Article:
God is enough: Advent Midweek Missal (1)

Matthew 15: 29-37 (CEB)
Jesus moved on from there along the shore of the Galilee Sea. He went up a mountain and sat down.  Large crowds came to him, including those who were paralyzed, blind, injured, and unable to speak, and many others. They laid them at his feet, and he healed them. So the crowd was amazed when they saw those who had been unable to speak talking, and the paralyzed cured, and the injured walking, and the blind seeing. And they praised the God of Israel. 
Now Jesus called his disciples and said, “ I feel sorry for the crowd because they have been with me for three days and have nothing to eat. I don’t want to send them away hungry for fear they won’t have enough strength to travel. ” His disciples replied, “ Where are we going to get enough food in this wilderness to satisfy such a big crowd? ”  Jesus said, “ How much bread do you have? ”  They responded, “ Seven loaves and a few fish. ” 

He told the crowd to sit on the ground. He took the seven loaves of bread and the …

Do a Fly Over Stinkin' Thinkin'

In the days when folks were free to smoke everywhere, the most difficult person to be with was not necessarily a smoker but the former one. Did you ever hear one complain about those irritating smokers clogging everyone's lungs?

It's similar to a new religious convert who believes he was wrong about everything before he saw the light. Now, he's suddenly right about everything.      
The "dry drunk" as known in AA, is the one who thinks and can even behave like the worst addict, but is abstinent. The pain brought on by  all-or-nothing thinking can be so tortuous that another cycle of abuse- or the creation of substitute addictions- easily begins. Too, the ceaseless judgmental and condemnatory attitudes and behaviors can drive others to drink, or just run away.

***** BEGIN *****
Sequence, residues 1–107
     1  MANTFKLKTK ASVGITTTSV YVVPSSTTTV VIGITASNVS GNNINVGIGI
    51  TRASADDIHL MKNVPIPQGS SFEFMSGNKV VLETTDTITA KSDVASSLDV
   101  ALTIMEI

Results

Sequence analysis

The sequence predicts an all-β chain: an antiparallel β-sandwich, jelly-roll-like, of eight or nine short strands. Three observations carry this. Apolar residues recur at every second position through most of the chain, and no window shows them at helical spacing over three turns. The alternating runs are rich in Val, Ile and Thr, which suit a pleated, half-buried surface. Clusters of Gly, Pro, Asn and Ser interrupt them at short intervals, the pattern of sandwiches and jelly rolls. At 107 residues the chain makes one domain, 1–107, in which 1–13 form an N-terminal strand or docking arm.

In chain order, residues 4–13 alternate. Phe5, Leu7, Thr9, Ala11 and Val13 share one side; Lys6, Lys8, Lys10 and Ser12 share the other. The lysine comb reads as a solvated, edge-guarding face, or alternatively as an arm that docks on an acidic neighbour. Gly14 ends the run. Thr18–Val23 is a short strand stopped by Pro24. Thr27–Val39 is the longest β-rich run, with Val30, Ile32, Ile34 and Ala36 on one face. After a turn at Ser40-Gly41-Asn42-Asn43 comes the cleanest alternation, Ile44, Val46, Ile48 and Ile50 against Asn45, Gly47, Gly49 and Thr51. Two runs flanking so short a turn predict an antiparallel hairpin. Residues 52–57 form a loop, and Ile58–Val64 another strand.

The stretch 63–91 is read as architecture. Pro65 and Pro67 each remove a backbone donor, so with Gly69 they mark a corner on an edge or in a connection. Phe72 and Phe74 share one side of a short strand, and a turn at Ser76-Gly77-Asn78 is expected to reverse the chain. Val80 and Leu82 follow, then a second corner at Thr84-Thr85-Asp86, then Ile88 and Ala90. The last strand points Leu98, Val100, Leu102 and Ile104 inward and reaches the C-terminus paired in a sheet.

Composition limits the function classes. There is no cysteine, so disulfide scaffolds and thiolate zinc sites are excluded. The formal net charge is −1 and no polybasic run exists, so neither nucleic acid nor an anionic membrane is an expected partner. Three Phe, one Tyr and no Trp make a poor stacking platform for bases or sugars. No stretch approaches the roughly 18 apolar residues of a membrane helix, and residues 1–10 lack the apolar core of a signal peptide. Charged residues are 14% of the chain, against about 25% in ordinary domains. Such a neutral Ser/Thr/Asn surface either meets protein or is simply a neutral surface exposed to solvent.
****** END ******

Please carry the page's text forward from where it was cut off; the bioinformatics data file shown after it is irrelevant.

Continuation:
Some compare the "first stepper" dry alcoholic to a Christian who never goes beyond conformity to the expectations of others. Well- explained by Richard Rohr in Breathing Under Water,  The res…

Jesus Smiles

Have I said anything with a stern look or manner, especially on religion?     - Evening Self Examination, 30 Days with Wesley

That self-examination is normally a serioussubject is why this question about a stern countenance catches me totally off-guard. In the most traditional liturgy for Holy Communion, we pray that we "bewail our manifold sins and wickdeness." 

If that isn't a prescription for a self-condemnatory scowl I don't know what is. But just because self- inventory is important doesn't mean we have to start aping the judgement scene from Michelangelo's The Last Judgement.
If you believe that the power that transforms us resides in God's love in Jesus Christ, and the Holy Spirit that is poured into us, then any and all self- examination is a means to greater self knowledge, healing, holiness, and sanctification.

But that movement is blocked when we think we can somehow improve on God's creating us in God's own image and likeness. No amount…

God's Generosity Doesn't Run Out

"The farmer, without preparation, just went out and began to sling the seed. This is farming Jesus style...The Master seems to find more joy in careless sowing, miraculous growing, and reckless harvesting than in taxonomy of the good from the bad, the worthwhile from the worthless, the saved from the damned." Will Willimon, Why Jesus?, p.78.